FORMER CBH director Colin Butcher believes WA grain growers should wipe the slate clean and begin talking openly about the future of CBH’s business structure, before it gets too late.
Speaking to Farm Weekly last week, Mr Butcher said there was a tremendous amount of potential tied up in CBH but growers needed to let the company go so it can harvest the benefit of that potential on growers’ behalf.
“That is the big issue at the moment,” Mr Butcher said.
“The industry is at the crossroads and so is CBH.
“Growers have to decide if they want to keep the handbrake on and hold the company back, or whether they want to let it off and allow CBH to reach its potential.”
Mr Butcher spoke for the first time since being voted off the CBH board in controversy at the director elections earlier this year.
The Brookton farmer, who served a three-year term, lost his Kwinana zone seat in a lop-sided contest while another sitting director was replaced in similar fashion in the Albany zone.
Mr Butcher said he was disappointed at being voted off the board, but was concerned that CBH’s plans to restructure the company may be held back by the same perceptions that led to his demise.
“Let’s get this debate out in the open so everyone can shake off the shackles that are holding it back and start talking freely about the company’s structural improvement,” he said.
“CBH is at risk of not going forward because its current structure is limiting the potential of that progress.
“Those growers who want to live in the past and keep things as they have been, simply for the sake of it, need to consider the facts a lot more closely and alter their attitudes towards change.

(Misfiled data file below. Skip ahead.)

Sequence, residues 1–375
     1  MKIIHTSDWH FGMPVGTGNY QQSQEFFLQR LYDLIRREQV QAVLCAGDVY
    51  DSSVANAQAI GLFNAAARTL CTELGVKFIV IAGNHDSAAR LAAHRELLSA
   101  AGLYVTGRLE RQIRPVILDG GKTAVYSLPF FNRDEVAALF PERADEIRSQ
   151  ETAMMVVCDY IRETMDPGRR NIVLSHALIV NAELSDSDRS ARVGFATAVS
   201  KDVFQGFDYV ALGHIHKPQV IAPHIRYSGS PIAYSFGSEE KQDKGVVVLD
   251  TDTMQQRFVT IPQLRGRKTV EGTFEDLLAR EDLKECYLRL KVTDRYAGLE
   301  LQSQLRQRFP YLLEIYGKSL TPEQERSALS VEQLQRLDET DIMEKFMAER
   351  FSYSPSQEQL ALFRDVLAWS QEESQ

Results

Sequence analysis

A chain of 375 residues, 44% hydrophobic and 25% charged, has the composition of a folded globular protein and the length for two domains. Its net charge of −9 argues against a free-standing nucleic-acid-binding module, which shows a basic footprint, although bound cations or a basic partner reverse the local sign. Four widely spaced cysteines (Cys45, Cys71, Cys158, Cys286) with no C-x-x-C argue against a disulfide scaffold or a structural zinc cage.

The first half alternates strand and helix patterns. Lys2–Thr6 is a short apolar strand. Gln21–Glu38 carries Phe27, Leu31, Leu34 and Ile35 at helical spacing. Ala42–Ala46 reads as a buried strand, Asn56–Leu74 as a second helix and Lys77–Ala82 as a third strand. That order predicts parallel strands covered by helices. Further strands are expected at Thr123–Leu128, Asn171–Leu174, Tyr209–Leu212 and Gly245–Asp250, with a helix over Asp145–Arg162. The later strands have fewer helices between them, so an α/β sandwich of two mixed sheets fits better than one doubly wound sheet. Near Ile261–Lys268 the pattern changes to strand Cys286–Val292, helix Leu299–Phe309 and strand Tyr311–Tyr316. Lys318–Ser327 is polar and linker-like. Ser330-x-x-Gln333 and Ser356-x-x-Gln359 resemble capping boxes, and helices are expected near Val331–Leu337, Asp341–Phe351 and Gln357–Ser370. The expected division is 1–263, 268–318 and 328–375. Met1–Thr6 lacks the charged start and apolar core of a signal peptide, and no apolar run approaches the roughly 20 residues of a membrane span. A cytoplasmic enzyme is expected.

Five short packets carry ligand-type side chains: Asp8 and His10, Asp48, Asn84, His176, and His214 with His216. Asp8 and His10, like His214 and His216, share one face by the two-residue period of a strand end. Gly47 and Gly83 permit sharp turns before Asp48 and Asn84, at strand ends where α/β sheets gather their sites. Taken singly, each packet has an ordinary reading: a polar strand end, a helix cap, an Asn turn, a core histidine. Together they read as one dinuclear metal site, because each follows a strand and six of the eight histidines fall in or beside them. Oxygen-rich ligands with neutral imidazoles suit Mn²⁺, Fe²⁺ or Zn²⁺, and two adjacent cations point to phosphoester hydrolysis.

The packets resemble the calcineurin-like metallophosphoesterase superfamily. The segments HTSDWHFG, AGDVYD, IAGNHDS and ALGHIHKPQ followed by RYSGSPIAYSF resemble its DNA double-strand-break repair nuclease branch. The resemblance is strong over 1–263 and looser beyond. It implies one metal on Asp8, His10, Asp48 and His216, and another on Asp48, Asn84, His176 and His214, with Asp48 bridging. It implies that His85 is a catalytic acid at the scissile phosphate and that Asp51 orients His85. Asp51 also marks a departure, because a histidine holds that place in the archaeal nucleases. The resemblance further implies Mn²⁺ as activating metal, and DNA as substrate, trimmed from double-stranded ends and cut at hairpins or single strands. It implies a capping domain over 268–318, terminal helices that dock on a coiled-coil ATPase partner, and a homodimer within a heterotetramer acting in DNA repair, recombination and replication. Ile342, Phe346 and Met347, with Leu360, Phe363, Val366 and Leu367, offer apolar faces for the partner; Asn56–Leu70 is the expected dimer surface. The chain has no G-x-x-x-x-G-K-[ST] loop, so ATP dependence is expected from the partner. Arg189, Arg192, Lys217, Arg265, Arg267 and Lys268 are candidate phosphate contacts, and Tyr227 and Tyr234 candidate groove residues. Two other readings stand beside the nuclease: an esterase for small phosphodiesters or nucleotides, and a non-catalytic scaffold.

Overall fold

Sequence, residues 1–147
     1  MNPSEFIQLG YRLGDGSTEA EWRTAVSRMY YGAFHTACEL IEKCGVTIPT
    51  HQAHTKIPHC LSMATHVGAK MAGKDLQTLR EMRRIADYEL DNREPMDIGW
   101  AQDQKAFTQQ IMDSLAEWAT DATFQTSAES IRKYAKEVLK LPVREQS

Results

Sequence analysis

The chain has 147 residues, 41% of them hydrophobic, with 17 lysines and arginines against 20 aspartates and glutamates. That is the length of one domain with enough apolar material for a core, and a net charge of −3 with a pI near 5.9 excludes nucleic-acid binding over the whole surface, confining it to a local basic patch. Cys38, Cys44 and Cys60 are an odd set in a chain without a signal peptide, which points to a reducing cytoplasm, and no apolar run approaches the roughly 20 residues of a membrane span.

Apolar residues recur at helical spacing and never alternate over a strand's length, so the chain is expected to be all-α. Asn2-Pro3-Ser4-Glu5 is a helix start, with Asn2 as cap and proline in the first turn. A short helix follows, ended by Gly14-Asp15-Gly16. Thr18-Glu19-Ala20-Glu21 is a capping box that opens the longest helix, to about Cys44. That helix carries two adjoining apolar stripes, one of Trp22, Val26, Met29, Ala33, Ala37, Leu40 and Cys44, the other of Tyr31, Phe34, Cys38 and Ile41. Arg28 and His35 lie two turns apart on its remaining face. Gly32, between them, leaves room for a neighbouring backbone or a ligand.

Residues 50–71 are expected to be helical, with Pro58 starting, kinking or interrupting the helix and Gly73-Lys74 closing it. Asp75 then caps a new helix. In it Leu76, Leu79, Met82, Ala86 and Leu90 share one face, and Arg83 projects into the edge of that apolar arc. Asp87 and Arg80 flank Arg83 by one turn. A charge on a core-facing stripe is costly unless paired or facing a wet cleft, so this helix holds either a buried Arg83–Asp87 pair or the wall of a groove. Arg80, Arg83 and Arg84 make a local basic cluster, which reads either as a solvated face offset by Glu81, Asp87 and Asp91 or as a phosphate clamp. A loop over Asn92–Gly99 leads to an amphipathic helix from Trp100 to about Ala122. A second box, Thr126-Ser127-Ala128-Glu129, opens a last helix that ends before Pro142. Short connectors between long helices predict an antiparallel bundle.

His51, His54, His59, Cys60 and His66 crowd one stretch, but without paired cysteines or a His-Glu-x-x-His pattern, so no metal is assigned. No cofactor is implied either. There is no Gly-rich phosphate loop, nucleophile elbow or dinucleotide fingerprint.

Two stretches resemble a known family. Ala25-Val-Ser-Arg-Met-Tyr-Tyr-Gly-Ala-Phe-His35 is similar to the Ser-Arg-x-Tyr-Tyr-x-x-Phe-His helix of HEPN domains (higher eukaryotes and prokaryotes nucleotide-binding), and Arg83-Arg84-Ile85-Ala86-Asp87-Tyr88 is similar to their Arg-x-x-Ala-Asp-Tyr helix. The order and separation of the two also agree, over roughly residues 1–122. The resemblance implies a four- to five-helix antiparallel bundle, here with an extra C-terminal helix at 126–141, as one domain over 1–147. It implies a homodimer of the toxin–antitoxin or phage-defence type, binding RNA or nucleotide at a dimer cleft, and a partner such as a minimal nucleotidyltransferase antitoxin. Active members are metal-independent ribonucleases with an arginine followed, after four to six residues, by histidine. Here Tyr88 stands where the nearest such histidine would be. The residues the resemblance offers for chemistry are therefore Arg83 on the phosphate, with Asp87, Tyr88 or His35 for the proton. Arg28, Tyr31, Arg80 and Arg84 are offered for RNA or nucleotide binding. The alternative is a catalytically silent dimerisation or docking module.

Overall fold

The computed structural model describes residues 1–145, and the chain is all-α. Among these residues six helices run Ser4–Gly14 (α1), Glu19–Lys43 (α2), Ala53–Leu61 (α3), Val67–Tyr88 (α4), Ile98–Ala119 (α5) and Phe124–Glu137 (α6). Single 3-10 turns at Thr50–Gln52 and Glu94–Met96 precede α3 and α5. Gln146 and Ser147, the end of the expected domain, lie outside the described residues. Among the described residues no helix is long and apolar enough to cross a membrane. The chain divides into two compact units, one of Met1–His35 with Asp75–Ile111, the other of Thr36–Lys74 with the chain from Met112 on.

“They need to realise that the industry is undergoing a significant evolution at the moment and if CBH doesn’t keep up it will simply get left behind.”
Mr Butcher had put his thoughts in a six-page document that was recently distributed via e-mail to the media and some members of the WA farming community.
His actions coincide with CBH chairman Tony Critch and chief executive officer Imre Mencshelyi’s move to tackle the issue of a CBH restructure from a new angle, after several failed attempts at board level.
Mr Critch and Mr Mencshelyi have joined senior management at shareholder meetings in the Wheatbelt over the past month to discuss the company’s future and gauge growers’ views on the company’s current structure.
Mr Mencshelyi said the meetings were not about proposing a new structure but more about opening up discussion so growers could air their opinions.
“There is probably more support and understanding out there now of the fact that the structure we have at the moment, which has supported us so well for so many years, is not perhaps the structure that will take us into the future,” Mr Mencshelyi.
Mr Butcher’s email said there was an urgent problem the WA grains industry needed to address.
“What do we plan to do with CBH in the future?” he said.
“Recent changes to the structure of ABB and the inevitable restructure of AWB to a single class share ownership will see these two companies, which are already competitors to CBH, become more aggressive and very likely to erode market share from the Grain Pool, and perhaps even CBH storage and handling.
“In a co-operative the members have a responsibility to the co-operative just as the co-operative has to its members.
“But growers who continue to place demands on the co-operative without shouldering the responsibilities of membership can eventually destroy the viability of the business and its ability to perform its role.”